Over a year ago, Fantastic Stories of the Imagination published an essay by me called A Crash Course in the History of Black Science Fiction. Since then I’ve been asked to write individual monthly essays on each of the 42 works mentioned. The original essay listed those 42 titles in chronological order, but these essays skip around a bit. A year before the Broadway premiere of the Lorraine Hansberry play discussed here in May, Les Blancs, British press Allison & Busby published Sam Greenlee’s novel The Spook Who Sat by the Door. Eventually Bantam published a paperback version in the U.S., but though that went into over a dozen printings and the book was later made into a movie, Spook has remained a so-called cult classic since its initial appearance on the literary scene. The “cult” to which its popularity is limited is apparently that of ...
Everfair by Nisi Shawl

Expanded Course in the History of Black Science Fiction: The Spook Who Sat by the Door, by Sam Greenlee

Over a year ago, Fantastic Stories of the Imagination published an essay by me called A Crash Course in the History of Black Science Fiction. Since then I’ve been asked to write individual monthly essays on each of the 42 works mentioned. The original essay listed those 42 titles in chronological order, but these essays skip around a bit. A year before the Broadway premiere of the Lorraine Hansberry play discussed here in May, Les Blancs, British press Allison & Busby published Sam Greenlee’s novel The Spook Who Sat by the Door. Eventually Bantam published a paperback version in the U.S., but though that went into over a dozen printings and the book was later made into a movie, Spook has remained a so-called cult classic since its initial appearance on the literary scene. The “cult” to which its popularity is limited is apparently that of ...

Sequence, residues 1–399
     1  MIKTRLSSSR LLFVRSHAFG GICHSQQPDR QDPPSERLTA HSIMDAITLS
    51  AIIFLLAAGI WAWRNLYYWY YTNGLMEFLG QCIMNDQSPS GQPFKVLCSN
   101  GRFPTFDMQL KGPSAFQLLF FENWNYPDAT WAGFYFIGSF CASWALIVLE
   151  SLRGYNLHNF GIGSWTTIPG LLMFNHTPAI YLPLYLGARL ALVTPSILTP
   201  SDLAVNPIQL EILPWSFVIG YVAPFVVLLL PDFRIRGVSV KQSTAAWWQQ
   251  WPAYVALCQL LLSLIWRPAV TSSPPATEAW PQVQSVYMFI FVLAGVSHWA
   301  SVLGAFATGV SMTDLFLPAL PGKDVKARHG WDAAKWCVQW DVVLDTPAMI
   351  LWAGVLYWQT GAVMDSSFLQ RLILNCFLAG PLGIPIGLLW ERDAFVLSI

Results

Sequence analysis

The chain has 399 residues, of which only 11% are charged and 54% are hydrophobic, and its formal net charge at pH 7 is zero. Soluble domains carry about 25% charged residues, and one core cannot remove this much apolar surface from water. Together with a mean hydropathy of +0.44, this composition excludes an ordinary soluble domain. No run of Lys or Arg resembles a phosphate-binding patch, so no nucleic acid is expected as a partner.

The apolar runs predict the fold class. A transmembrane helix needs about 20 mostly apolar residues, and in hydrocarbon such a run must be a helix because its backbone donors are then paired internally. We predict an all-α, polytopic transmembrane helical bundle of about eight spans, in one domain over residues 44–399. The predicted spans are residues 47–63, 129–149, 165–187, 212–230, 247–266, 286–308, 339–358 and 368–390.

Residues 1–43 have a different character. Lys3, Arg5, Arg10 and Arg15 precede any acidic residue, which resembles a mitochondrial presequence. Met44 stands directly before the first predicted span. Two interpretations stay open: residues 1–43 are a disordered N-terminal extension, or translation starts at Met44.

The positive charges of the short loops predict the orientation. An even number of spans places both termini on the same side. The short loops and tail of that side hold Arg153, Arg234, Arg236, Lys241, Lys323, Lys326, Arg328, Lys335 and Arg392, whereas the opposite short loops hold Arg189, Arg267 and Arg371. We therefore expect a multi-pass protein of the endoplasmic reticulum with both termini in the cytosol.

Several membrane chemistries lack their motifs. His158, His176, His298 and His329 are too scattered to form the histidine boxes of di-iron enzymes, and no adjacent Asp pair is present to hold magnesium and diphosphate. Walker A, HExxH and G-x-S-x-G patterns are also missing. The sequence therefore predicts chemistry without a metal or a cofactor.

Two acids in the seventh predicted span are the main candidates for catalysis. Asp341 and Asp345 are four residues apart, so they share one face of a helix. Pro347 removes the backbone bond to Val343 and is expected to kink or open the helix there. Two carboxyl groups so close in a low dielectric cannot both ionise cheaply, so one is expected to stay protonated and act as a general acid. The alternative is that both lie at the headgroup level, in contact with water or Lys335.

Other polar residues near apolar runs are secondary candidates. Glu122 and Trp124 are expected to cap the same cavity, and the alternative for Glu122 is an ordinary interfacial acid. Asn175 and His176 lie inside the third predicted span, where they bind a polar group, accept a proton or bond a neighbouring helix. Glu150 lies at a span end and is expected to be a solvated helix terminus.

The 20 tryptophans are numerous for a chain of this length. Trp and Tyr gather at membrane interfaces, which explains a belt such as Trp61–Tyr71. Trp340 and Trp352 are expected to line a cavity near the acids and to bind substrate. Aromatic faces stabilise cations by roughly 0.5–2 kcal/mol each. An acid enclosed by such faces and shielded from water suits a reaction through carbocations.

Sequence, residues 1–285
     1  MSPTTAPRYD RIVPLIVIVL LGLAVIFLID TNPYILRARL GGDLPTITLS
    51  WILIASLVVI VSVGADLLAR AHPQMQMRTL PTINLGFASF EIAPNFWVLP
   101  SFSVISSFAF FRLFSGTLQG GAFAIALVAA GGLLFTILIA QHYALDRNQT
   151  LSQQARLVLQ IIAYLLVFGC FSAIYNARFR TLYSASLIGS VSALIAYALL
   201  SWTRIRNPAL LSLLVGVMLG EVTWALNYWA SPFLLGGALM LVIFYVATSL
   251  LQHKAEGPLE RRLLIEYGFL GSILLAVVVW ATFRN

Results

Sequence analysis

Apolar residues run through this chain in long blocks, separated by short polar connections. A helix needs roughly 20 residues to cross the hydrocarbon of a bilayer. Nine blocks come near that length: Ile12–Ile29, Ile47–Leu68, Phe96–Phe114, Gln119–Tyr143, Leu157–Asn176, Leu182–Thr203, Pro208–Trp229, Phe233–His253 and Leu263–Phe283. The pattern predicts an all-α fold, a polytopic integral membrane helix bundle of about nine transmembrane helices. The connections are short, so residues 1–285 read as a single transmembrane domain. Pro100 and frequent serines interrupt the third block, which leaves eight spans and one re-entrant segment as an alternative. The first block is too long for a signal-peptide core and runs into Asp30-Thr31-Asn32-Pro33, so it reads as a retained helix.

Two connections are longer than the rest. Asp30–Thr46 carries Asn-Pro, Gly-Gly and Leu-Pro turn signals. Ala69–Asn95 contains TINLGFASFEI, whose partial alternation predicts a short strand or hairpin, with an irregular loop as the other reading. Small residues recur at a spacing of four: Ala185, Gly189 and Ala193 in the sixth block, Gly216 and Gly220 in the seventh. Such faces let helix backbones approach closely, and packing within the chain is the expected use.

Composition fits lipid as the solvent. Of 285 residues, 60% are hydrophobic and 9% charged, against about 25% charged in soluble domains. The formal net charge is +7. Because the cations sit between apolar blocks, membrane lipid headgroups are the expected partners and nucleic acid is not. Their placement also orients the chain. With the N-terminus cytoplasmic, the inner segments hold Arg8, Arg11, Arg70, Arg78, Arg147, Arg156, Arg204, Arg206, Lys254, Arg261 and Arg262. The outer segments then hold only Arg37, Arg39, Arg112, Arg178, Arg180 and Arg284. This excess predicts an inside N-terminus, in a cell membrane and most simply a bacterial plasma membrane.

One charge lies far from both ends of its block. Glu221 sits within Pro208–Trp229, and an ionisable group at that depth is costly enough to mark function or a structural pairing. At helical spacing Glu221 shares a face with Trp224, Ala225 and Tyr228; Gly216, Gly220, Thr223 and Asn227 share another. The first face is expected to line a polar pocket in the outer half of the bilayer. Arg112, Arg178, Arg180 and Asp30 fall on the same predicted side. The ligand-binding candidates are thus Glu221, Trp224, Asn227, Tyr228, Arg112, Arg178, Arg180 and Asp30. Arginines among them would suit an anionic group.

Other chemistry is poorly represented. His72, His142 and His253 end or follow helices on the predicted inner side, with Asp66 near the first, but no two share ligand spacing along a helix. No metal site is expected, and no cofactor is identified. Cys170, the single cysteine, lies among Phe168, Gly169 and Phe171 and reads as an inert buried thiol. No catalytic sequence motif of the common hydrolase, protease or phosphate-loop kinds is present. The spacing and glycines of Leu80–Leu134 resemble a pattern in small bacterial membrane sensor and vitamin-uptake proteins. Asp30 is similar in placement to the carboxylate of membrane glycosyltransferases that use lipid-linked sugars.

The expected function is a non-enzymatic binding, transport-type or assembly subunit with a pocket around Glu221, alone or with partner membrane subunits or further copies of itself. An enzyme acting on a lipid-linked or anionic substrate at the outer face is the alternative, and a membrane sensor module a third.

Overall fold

Everfair by Nisi Shawl

Expanded Course in the History of Black Science Fiction: The Magical Adventures of Pretty Pearl, by Virginia Hamilton

Over a year ago, Fantastic Stories of the Imagination published an essay by me called A Crash Course in the History of Black Science Fiction. Since then I’ve been asked to write individual monthly essays on each of the 42 works mentioned. This column’s subject, Virginia Hamilton’s The Magical Adventures of Pretty Pearl, is a children’s novel about a child goddess come to Earth. From her heavenly home on top of Mount Highness in Kenya, Pretty Pearl journeys to America beside her brother John de Conquer. Their plan is to investigate the cruelties of chattel slavery. In the form of albatrosses they follow a slave ship to Georgia, but on landing they lie down in the red clay rather than jump right into interfering. Interference has a habit of backfiring, the grown-up god informs his little sister. But divine time runs differently than human time. The siblings take a ...
Everfair by Nisi Shawl

Expanded Course in the History of Black Science Fiction: Lorraine Hansberry’s Les Blancs

Over a year ago, Fantastic Stories of the Imagination published an essay by me called “A Crash Course in the History of Black Science Fiction.” Since then I’ve been asked to write individual monthly essays on each of the 42 works mentioned. This one’s about Les Blancs, Lorraine Hansberry’s last play.  

WHERE IT FITS IN THE OEUVRE

First produced in 1970, a little over five years after the author died of cancer at the age of 34, Les Blancs never achieved the acclaim of Hansberry’s massively successful Broadway play A Raisin in the Sun, nor that of the Off-Broadway dramatic adaptation her widower Robert Nemiroff patched together from her notes and autobiographical writings, To Be Young, Gifted and Black. But though it remained unfinished at the time of her death, she considered Les Blancs her most important work.  

HOW TO TELL IT’S FANTASTIC

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Everfair by Nisi Shawl